Yes, no contact is hard. In the beginning, it is VERY difficult. But you must understand this, no contact is the ONLY way to heal (use modified contact when coparenting, see resources for details).
It’s entirely likely that they will reach out to you after some time has passed. You will be feeling a bit better, moving numbly along in your new life. You have been strong, not reaching out nor looking at their social media accounts. Then, one morning you’ll receive a message:
I miss you, baby.
You’ll sit & stew, using every ounce of will power to resist replying. As if feeling your internal conflict & pain, they’ll say:
I’ve been thinking about that day on the beach in Bermuda.
You’re so angry that they have the nerve to contact you after all this time! And yet, part of you is aching to talk to him, to relive that moment in time. Your heart is being toyed with & you need to release this cocktail of anguish, frustration & heartbreak, and this is EXACTLY what they’re hoping for. Do not under any circumstances respond.
Another scenario may be the “celebratory” message:
Happy birthday. I’m sorry for everything that happened.
Merry Christmas. I hope you & the kids are okay.
Happy New Year. You deserve all the happiness in the world.
This form of contact seems benign, if not remorseful. It is not. Their contact is meant to disrupt your peace & remind you of their existence. If they cared about your birthday, they would repay you the money they owe you. If they wanted your kids to have a great holiday, they wouldn’t have brought devastation & horrific sadness to their lives. Please do not fall for this trick.
Yet another form of contact may be the “crisis” or “bad news” call:
I just wanted to let you know that my mom passed away. She always loved you.
I feel like giving up, like I need to end it all.
It doesn’t look like I can get you that money. I had a bad month.
While these messages are more meaty & seem to warrant a response, I assure you they don’t. If he’s going to kill himself, tell him to call 911. His mom died; that’s sad but he nor she are a part of your current life. He can’t pay you the money he owes you? What’s new? No matter how serious these messages SEEM to be, there is certain to be hyperbole or irrelevance.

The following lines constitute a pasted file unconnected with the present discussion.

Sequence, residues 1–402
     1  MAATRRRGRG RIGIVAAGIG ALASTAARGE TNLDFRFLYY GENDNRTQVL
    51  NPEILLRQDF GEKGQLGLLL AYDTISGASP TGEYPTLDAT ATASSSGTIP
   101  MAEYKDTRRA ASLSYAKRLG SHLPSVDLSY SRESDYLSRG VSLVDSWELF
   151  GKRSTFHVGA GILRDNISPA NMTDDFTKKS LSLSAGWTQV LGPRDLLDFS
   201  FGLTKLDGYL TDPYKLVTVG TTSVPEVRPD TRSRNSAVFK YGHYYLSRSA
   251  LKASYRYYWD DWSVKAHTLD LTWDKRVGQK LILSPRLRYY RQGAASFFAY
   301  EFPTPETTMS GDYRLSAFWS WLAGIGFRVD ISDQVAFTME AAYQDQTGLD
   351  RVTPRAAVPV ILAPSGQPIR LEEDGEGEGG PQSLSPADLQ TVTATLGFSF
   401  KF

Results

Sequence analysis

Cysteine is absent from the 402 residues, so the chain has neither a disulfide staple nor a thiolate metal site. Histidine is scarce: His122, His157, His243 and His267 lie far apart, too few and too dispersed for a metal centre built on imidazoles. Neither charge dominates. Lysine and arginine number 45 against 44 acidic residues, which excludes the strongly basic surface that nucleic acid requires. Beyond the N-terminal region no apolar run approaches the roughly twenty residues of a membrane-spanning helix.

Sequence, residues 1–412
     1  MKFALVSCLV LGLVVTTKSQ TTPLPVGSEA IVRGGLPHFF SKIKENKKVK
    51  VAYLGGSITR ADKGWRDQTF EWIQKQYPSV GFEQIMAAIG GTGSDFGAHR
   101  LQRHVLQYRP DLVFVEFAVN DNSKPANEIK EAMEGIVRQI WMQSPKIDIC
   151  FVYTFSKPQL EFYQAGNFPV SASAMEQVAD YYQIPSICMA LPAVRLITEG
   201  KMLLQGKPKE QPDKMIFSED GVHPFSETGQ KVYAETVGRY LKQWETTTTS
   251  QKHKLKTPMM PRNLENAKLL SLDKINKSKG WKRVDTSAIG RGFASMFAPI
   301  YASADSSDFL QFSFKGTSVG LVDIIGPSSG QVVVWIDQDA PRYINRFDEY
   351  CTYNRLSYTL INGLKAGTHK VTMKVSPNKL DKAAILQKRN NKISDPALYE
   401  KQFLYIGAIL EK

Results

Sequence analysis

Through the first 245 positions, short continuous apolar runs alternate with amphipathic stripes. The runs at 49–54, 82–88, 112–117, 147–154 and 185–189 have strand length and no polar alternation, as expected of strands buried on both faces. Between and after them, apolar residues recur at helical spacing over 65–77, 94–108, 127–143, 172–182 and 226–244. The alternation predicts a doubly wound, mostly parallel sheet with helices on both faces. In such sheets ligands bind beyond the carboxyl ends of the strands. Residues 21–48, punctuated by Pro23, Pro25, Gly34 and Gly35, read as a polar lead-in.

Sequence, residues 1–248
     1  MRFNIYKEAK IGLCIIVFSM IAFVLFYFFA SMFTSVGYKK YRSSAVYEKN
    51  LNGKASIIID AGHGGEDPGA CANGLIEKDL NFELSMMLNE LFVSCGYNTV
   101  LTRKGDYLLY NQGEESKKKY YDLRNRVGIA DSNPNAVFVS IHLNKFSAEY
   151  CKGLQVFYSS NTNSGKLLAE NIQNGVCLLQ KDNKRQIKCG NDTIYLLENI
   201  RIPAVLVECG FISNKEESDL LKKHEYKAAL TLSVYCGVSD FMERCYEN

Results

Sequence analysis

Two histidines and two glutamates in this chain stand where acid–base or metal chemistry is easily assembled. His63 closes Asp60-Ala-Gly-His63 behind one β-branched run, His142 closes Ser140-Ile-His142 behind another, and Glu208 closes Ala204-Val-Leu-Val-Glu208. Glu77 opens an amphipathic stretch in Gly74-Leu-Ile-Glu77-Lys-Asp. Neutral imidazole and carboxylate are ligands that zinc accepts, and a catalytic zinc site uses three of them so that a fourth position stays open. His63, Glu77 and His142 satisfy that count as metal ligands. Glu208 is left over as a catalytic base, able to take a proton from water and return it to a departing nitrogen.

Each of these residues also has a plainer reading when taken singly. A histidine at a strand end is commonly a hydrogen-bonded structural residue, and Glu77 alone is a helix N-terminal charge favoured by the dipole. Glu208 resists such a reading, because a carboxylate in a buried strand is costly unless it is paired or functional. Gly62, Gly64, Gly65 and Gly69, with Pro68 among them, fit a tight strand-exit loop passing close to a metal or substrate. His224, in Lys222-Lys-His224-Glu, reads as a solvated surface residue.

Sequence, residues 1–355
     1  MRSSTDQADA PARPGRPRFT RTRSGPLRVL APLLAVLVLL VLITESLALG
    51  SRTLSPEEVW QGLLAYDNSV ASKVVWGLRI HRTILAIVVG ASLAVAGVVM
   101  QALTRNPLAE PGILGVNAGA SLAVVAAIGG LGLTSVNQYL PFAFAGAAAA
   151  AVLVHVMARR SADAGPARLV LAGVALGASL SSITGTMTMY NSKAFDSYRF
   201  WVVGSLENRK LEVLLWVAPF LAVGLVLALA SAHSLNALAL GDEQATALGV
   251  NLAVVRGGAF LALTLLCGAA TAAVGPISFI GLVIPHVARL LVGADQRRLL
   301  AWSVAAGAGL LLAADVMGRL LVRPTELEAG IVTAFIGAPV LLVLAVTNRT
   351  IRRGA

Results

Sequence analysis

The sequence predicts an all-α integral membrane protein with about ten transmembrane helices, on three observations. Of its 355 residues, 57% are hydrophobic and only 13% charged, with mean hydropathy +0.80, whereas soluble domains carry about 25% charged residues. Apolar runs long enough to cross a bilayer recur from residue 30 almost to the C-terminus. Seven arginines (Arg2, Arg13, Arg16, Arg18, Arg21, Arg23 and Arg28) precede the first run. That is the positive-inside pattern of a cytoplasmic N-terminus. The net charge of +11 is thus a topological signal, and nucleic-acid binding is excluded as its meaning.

Most importantly, if you choose to respond to any of these messages, it may go something like this:
Please do not contact me again. You owe me that much. Please respect my wishes.
I’m sorry. I was just thinking about you. I miss you.
I understand. I just want to move on. You have someone new; go talk to her.
I didn’t mean to hurt you. I can’t talk to her the way I can with you. You know that we always had a special connection.
Look, you made your decision. You ruined our family, our future.
I know & I hate myself for it. I really think I made a mistake.
Yes, you did! I hope you’re happy!
I’m not happy. I really need you in my life. Could we meet to talk?
Well, I don’t think there’s anything to talk about, but maybe if you REALLY mean it…
I’m certain that many of you have had this conversation & are beginning to wonder how I accessed your phones! Their modus operandi is so pathological that each step can be predicted from person to person. So, I think you get the idea. no time at all, your simple message of “leave me alone” has blossomed into a possible meet up with the ex that you’ve just started recovering from. This is exactly what they do because, guess what…it works!
The best way to employ no contact is to summarily BLOCK them on every possible form of communication. If somehow a message gets through, DO NOT READ IT. Delete the message immediately & block the new number. You deserve to heal, to have a new life & be loved by someone real. Please believe me when I tell you that this is the only way.